Mothers and Sons

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1603

[DRAMA]

Mothers and Sons
by Terrence McNally
Golden Theatre

Playwright Terrence McNally (second from right) poses with the cast of Mothers and Sons (left to right): Bobby Steggert, Grayson Taylor, Frederick Weller, and Tyne Daly. Photo by Joan Marcus
Playwright Terrence McNally (second from right) poses with the cast of Mothers and Sons (left to right): Bobby Steggert, Grayson Taylor, Frederick Weller, and Tyne Daly. Photo by Joan Marcus

Reviewed by Alina Oswald

You read the title. Skim over the brief summary. Think you know what Mothers and Sons, a recent play by four-time Tonywinner Terrence McNally, is all about. And yet, nothing prepares you for what unfolds in front of your eyes, when sitting in the audience.

Mothers and Sons is more than a story about mothers and sons, as the title hints at, and it’s more than a story that touches on AIDS, as the brief summary suggests. Rather, Mothers and Sons offers a new dimension to a complex, yet mundane universe we call family. It redefines the meaning of family in a timely, and also timeless, manner as a space where past and future collide, secrets spill out, allowing the truth to fill the emptiness left by loss.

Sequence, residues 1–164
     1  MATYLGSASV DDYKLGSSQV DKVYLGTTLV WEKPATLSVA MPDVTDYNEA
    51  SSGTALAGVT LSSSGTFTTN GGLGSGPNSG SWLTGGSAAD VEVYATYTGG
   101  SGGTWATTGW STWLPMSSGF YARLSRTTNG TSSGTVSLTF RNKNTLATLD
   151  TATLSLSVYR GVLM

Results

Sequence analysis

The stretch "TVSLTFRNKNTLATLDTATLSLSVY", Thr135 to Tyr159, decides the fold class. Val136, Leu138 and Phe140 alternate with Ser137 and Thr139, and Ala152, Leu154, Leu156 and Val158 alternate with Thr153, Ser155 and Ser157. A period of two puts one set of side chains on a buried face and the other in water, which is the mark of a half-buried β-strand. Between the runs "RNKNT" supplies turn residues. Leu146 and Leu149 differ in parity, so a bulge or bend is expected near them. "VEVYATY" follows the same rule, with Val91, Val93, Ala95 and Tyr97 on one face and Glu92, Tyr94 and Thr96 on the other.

We recognize ourselves in the characters—in their tears and smiles, in their pasts, fears, dreams and desires—in part, because of the story itself, and also because of a star-studded cast, comprised of Tyne Daly and Frederick Weller, also Bobby Steggert and Grayson Taylor (who makes his Broadway debut), that majestically brings it to life.

At its core, Mothers and Sons tells the story of a woman who comes to New York City to revisit a painful past—marked by losing her son to AIDS, haunted by ghosts and unspoken truths—only to discover the surprising possibility of a second chance at life and happiness, and a potential future sketched out by modern times and families, just like the one of her son’s surviving partner, his much younger husband, and their young son. A common thread that comes alive throughout the play is love—love between a mother and her son, between parents and their children; love between lovers or spouses; and between generations, those defined not only in terms of family, but also by society, and the tragedy of AIDS. Love, underscored by a newly found sense of forgiveness and understanding, survives disease, death and time to hold relationships together and to allow the complicated dynamics of the family universe to make room for new beginnings, and also hope.

Mothers and Sons offers a powerful, life-changing experience. Its story will stay with you long after the curtains go down.

Alina Oswald is a writer, photographer, and the author of Journeys Through Darkness: A Biography of AIDS. Contact her at www.alinaoswald.com.